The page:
Price: $1.99    Score: 7/10   Category: Games

Anyone who has ever lost hours playing a brick-sized black and white Game Boy will recognize the retro action that is 1-bit Ninja, but this isn’t just a nostalgic blast from the past. With this app developer kode80 has achieved a fine balance between old and new.

On first impression, 1-bit Ninja looks a little like a Mario Brother’s knockoff, but the second you swipe the top of the screen you see a seemingly two dimensional word gain a perfect sense of three dimensional depth.

The object of the whole game is to get to the end of every level as quickly as possible while jumping on top of scooting enemies and collecting coins and bonuses, but 1-bit’s biggest surprise is the fact that your one pixel ninja only moves forward toward his goal.

In other words, there’s no going back on 1-bit Ninja, which creates a sometimes frustrating, but admittedly new twist to the indie throwback title. The traditional direction pad is replaced with a sectional touch control interface.

Tap the bottom left of the iPhone screen and you’ll send 1-bit Ninja scurrying forward. Tap the right of the screen and he catches air with jumps, but if you ever need a new perspective on the course you can swipe the top section of the screen. This offers an usual (but almost artistic) three dimensional view on this virtual world.

This top-of-the-screen swipe reveal of a new dimension is in and of itself enough to turn 1-bit into a truly innovative title, but as it stands the emergence of a new dimension is only temporarily functional on 3G devices. Release your finger from that top part of the screen to run or jump and the new perspective (and your view of secret paths that reveal themselves in 3D mode) is entirely gone. Players on newer devices though, have the pleasure of unlocking other fluid multidimensional camera modes.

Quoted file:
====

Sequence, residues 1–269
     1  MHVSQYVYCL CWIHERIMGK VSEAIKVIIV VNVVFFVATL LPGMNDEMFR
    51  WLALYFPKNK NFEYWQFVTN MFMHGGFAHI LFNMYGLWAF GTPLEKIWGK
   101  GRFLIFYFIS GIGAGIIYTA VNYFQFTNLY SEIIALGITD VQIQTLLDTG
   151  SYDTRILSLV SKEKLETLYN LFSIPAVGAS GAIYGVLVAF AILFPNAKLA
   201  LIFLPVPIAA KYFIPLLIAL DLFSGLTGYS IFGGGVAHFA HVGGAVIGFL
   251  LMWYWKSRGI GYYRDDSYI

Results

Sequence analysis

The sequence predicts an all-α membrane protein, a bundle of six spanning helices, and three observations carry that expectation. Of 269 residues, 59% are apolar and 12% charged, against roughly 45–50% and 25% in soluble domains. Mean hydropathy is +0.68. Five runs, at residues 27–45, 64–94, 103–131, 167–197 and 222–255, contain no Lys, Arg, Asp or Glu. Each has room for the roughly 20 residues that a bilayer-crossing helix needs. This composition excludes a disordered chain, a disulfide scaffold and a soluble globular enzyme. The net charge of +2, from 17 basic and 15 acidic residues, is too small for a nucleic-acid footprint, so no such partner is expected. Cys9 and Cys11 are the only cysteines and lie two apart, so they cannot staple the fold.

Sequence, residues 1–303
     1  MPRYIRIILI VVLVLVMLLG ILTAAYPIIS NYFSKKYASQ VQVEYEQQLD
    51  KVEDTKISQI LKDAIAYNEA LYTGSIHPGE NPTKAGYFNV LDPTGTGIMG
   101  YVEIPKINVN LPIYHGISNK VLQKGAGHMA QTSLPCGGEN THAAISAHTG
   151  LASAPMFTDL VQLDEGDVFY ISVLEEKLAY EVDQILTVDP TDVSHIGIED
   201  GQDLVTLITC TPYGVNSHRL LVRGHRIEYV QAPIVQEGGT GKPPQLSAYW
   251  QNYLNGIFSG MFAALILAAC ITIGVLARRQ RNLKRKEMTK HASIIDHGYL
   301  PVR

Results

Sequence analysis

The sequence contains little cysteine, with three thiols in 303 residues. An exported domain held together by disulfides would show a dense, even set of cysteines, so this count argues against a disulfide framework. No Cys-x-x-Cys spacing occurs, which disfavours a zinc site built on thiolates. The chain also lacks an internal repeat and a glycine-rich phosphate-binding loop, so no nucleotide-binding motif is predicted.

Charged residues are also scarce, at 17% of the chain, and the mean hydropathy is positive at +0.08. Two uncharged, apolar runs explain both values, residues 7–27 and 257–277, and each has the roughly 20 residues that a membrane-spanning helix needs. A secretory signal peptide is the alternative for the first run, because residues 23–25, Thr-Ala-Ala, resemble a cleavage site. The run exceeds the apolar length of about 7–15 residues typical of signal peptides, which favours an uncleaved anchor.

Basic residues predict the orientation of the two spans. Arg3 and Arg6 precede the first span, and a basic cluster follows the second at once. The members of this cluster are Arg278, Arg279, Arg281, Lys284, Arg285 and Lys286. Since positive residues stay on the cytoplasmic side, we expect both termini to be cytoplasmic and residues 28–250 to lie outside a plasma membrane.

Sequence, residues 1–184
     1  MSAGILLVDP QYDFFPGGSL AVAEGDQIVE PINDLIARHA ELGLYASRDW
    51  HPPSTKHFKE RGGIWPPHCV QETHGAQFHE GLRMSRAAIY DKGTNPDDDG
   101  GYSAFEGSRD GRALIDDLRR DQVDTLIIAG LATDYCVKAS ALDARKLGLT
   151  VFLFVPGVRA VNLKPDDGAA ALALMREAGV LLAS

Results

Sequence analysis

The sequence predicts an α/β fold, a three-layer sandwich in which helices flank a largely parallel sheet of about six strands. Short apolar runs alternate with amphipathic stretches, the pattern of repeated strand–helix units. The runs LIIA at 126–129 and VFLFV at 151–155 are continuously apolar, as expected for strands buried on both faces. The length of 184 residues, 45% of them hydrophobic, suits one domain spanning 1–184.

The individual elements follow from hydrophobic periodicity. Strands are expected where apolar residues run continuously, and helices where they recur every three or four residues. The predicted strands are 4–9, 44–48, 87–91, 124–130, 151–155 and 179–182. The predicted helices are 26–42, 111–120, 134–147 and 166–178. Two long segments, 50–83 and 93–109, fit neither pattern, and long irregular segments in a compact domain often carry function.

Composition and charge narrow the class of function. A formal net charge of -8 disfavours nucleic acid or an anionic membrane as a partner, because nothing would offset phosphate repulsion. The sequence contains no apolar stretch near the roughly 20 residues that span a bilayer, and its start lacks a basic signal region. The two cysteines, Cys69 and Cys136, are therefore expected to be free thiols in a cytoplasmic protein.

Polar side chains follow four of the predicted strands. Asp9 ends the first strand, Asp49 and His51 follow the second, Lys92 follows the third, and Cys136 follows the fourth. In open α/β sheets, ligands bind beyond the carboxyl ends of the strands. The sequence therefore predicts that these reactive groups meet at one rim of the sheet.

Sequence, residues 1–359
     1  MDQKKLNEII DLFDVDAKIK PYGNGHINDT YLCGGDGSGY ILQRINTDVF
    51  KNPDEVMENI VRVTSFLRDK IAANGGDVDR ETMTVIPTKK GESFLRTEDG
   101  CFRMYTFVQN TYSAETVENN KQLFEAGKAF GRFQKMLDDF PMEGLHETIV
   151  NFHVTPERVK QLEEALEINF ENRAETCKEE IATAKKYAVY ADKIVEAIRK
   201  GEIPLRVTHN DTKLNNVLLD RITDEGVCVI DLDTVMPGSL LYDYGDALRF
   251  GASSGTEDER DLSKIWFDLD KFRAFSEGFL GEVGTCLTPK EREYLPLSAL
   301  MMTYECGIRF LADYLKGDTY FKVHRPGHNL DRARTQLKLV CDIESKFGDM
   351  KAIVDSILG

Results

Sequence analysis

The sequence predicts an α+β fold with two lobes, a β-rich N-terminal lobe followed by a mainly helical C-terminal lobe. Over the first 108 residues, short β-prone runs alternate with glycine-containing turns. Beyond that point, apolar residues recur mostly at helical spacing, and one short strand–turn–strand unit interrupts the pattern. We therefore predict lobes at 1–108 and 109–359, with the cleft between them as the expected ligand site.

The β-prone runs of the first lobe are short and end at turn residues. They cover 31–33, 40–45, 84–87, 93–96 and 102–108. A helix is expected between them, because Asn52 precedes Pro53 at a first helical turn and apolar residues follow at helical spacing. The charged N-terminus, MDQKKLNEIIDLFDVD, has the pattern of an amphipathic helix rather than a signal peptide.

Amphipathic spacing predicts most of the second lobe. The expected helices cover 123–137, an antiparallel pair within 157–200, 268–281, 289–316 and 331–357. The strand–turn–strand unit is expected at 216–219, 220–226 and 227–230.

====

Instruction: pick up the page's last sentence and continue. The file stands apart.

Other than the hard to reach unlocking of four worlds, 1-bit Ninja shies away from social achievements. Game Center competitions and all those connectivity extras are nonexistent here, but for some purists this isn’t a bad thing.

Unlike most games in the app store, 1-bit has some art to it and playing seems to emphasize experience and process more than anything else. Those immersed in 1-bit’s appeal will get lost in trading off between racing through the game’s 100 levels and collecting every single bonus and challenge possible.

That said, 1-bit probably won’t catch on with everyone. The high difficulty creates the kind of learning curve that will frustrate some users, but for other gamers, the lack of a back button and addition of secret paths leaves plenty of opportunity for playing 1-bit Ninja over and over again.

There were some points where I felt the jump button response time lacking just long enough to create numerous frustrating deaths, but excusing this one small issue could generate hours of fun. 1-bit Ninja sinks you into that sweet nostalgic appeal, but all those little surprises, from springs that change your direction to secret paths, are enough to make this a wonderful buy for some, but not all, iPhone gamers.

Bottom Line: 1-bit Ninja offers a solid update to a beloved era of games, but the intentionally challenging gameplay and lack of difficulty modes may ultimately turn some away from the $1.99 price tag.


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